In response to the attacks of September 11, 2001 and war in Afghanistan, the Fulbright New Century Scholars program brought together social scientists from around the world to study sectarian, ethnic, and cultural conflict within and across national borders. As one result of their year of intense discussion, this book examines the roots of collective violence - and the measures taken to avoid it - in Burma (Myanmar), China, Germany, Pakistan, Senegal, Singapore, Thailand, Tibet, Ukraine, Southeast Asia, and Western Europe. Case studies and theoretical essays introduce the basic principles necessary to identify and explain the symbols and practices each unique human group holds sacred or inalienable. The authors apply the methods of political science, social psychology, anthropology, journalism, and educational research. They build on the insights of Gordon Allport, Charles Taylor, and Max Weber to describe and analyze the patterns of behavior that social groups worldwide use to maintain their identities.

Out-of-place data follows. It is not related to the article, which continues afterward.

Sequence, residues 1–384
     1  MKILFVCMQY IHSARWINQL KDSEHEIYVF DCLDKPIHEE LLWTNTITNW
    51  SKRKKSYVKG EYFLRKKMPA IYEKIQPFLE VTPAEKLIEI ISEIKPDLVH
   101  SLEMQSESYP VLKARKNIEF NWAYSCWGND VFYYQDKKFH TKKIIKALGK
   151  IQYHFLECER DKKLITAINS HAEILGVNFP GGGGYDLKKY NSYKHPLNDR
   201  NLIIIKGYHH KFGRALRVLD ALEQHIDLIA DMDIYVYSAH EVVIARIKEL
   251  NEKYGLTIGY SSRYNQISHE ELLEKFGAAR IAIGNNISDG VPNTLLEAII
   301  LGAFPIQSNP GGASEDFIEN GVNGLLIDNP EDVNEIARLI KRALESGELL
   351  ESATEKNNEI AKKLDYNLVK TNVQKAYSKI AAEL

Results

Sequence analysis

Written to inform the general reader and communicate across disciplinary boundaries, this important and timely volume demonstrates ways of understanding, predicting and coping with ethnic and sectarian violence. James L. Peacock is Kenan Professor of Anthropology and Professor of Comparative Literature at the University of North Carolina at Chapel Hill, a member of the American Academy of Arts and Sciences, and the 2002 recipient of the American Anthropological Association's Boas Award. His publications include: Grounded Globalism (University of Georgia Press, 2007), Pilgrims of Paradox (Smithsonian Institution Press, 1989), The Anthropological Lens (Cambridge University Press, 1986, 2001), and Rites of Modernization (University of Chicago Press, 1968, 1987). Patricia M. Thornton is Associate Professor of Political Science at Trinity College in Hartford, Connecticut and the author of Disciplining the State: Virtue, Violence, and State-Making in Modern China (Harvard University Press, 2007). Patrick B. Inman is a freelance academic editor and independent historian.